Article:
There have been a number of polls about Obama’s healthcare bill that suggest when you ask people their opinion of the bill, a sizable slice of the “don’t like it” crowd actually don’t like it because it doesn’t go far enough, meaning that a solid majority of Americans want healthcare reform along the lines of the current law or more “liberal,” according to the most recent CNN poll.

Then we have the latest Gallup Poll: 46% favor repealing the bill; 40% oppose repeal. So where are the other 12%? They don’t know—by now, after nearly two years of wrangling over the issue? That doesn’t reflect well on the media, of course. It means journalists haven’t done a good job of explaining the bill. Do those 12% reflect the number who not only oppose repeal but want it replaced by a stronger law?

But, looking at the big picture, here’s the good news:

In the poll, a majority of men endorse repeal while women are inclined to want the law to stand.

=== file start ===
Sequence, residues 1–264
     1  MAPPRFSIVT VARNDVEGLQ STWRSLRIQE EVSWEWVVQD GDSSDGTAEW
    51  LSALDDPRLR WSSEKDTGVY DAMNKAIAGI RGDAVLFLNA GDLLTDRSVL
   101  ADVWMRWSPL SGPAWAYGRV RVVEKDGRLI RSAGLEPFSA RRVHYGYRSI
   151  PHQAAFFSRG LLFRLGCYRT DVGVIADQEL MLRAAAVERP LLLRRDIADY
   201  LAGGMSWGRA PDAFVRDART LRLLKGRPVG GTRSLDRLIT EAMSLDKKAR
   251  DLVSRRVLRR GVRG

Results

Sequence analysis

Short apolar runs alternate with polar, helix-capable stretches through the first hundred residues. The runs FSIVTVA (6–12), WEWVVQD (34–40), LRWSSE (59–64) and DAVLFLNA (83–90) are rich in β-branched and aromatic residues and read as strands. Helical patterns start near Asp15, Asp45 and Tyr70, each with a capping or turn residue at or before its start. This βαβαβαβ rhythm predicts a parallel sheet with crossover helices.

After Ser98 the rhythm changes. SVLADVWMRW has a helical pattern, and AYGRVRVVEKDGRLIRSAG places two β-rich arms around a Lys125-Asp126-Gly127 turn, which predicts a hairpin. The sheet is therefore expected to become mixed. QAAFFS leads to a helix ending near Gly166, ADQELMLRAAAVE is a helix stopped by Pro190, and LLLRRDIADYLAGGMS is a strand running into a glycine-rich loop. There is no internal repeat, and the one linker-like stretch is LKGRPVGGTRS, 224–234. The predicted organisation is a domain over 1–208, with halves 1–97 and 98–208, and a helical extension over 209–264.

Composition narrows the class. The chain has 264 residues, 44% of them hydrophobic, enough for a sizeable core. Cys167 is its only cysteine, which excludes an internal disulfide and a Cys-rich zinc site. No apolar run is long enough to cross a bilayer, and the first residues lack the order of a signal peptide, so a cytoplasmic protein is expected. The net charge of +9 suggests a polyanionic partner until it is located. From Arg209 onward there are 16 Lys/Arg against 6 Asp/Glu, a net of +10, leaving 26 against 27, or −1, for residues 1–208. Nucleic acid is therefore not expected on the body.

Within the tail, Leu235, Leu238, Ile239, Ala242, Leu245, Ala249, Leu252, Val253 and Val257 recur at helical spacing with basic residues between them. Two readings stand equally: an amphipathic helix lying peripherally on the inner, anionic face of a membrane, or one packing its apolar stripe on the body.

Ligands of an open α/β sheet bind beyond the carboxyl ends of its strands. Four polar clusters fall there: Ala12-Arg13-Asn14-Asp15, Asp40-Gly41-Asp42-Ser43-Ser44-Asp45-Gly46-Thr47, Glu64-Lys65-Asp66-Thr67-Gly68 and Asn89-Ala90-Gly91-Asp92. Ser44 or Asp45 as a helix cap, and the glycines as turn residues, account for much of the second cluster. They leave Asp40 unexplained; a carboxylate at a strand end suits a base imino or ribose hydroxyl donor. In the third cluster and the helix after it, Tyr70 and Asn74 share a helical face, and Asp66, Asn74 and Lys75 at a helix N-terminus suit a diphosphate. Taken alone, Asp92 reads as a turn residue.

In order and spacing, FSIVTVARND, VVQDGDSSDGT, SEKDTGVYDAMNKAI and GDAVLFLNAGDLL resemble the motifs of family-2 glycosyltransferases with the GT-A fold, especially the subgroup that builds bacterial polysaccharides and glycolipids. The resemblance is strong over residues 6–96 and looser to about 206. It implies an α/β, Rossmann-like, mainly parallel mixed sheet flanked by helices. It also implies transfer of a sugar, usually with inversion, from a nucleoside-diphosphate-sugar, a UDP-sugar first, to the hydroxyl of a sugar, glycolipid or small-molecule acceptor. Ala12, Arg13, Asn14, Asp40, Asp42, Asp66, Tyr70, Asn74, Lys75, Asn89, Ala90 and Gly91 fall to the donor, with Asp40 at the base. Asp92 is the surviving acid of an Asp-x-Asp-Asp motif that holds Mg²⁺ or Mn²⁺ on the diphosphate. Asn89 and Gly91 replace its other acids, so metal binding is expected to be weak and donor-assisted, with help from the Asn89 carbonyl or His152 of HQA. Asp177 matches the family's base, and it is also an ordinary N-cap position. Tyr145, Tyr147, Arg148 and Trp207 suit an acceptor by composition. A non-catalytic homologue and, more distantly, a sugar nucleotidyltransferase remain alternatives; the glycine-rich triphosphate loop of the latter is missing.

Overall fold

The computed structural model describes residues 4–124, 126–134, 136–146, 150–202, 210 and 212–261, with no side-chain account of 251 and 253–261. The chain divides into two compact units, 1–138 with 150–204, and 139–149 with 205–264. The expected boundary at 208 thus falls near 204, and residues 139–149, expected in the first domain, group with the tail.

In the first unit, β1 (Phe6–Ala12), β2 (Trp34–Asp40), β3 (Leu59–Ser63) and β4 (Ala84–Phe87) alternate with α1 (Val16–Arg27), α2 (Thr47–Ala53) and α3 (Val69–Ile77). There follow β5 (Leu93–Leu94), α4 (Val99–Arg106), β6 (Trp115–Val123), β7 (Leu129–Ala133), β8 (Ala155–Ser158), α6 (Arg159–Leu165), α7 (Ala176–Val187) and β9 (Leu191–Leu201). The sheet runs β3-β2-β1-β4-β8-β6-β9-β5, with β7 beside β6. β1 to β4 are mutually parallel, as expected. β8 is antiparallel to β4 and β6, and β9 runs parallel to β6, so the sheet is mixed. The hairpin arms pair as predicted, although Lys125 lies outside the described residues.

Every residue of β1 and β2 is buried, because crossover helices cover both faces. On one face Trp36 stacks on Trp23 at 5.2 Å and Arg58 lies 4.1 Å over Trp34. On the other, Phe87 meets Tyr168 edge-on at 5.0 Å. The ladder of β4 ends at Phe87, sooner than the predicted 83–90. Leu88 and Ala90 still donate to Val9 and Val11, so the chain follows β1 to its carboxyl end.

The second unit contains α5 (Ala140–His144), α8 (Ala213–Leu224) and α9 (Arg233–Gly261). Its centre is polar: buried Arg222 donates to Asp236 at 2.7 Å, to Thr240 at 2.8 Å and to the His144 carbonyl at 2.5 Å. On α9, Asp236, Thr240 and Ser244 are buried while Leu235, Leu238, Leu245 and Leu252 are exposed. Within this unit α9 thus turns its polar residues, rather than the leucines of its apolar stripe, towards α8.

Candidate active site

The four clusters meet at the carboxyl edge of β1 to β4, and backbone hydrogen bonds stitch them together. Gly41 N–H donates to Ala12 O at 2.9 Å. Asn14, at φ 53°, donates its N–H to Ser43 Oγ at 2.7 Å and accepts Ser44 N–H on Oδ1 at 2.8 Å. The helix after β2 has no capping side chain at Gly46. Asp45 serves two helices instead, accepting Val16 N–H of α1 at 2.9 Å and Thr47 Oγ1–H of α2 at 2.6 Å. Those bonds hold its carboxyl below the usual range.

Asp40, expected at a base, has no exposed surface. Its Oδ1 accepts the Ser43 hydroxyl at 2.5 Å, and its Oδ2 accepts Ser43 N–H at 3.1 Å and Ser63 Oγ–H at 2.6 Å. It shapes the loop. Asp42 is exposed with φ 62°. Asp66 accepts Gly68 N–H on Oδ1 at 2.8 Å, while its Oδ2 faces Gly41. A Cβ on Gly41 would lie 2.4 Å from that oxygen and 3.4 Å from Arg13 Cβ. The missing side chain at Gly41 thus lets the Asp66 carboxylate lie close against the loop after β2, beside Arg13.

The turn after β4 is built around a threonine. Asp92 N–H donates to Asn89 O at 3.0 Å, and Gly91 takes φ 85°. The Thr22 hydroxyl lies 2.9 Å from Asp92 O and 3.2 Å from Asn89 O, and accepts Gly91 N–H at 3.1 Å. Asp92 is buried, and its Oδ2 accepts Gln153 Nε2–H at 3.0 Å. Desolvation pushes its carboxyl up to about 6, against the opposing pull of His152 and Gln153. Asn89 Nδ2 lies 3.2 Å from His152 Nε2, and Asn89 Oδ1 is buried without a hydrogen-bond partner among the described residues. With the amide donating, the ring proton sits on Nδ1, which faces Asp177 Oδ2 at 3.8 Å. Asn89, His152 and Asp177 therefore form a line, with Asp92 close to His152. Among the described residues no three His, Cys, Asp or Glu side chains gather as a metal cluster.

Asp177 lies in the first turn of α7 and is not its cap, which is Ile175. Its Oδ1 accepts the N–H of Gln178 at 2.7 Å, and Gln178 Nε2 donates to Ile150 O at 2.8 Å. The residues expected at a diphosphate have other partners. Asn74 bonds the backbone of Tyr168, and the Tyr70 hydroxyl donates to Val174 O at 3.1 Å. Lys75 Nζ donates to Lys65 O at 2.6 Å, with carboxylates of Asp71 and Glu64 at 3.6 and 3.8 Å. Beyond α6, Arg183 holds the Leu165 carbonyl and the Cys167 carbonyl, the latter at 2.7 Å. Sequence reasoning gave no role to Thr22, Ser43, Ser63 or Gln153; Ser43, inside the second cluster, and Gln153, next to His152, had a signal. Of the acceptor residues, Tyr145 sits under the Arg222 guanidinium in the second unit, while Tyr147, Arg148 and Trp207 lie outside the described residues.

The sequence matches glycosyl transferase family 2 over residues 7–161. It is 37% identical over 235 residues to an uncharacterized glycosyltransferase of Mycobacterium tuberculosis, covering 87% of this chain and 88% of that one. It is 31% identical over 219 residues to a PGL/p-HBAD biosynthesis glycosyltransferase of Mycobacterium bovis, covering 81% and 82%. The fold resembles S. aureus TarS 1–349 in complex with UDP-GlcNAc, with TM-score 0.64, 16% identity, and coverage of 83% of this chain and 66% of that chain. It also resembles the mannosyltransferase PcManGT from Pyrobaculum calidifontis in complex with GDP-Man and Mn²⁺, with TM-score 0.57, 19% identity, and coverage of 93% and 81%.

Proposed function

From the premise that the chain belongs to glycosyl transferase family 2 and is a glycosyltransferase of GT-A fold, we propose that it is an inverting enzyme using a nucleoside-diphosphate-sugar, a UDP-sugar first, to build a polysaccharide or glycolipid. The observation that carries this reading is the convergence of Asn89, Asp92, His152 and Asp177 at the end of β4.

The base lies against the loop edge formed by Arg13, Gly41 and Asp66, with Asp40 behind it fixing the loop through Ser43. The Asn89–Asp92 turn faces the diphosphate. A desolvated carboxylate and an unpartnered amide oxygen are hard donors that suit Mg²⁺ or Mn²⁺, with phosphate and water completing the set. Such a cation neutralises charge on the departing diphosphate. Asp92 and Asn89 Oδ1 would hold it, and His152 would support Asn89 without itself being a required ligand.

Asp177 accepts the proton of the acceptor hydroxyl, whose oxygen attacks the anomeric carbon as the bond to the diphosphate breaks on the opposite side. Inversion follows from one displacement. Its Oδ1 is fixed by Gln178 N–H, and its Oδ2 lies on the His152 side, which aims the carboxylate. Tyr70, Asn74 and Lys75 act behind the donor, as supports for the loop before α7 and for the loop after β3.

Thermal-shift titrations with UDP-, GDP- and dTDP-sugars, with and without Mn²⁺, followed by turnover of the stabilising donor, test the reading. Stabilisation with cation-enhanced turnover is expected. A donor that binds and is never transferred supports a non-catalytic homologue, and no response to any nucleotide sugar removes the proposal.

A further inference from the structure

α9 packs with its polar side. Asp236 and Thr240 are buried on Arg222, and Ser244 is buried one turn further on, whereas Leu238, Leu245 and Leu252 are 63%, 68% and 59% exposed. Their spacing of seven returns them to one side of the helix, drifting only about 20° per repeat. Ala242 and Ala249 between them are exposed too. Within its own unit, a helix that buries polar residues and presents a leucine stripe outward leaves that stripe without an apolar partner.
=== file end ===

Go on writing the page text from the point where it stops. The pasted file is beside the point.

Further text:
You never want to bet against women getting their way, especially when it comes to the health of their children.

And speaking of those children:

One of the most dramatic divides is by age. By 50%-30%, young adults under 30 support the law. But their middle-aged parents, those 50-64 years old, favor repeal by an almost equally wide margin.

Can we put those 50-64 year olds in front of a death panel and, in a class action suit, ahem, eliminate them? Wait, that includes me.

In any case, like “don’t ask, don’t tell,” gay marriage and marijuana, it’s just a matter of time.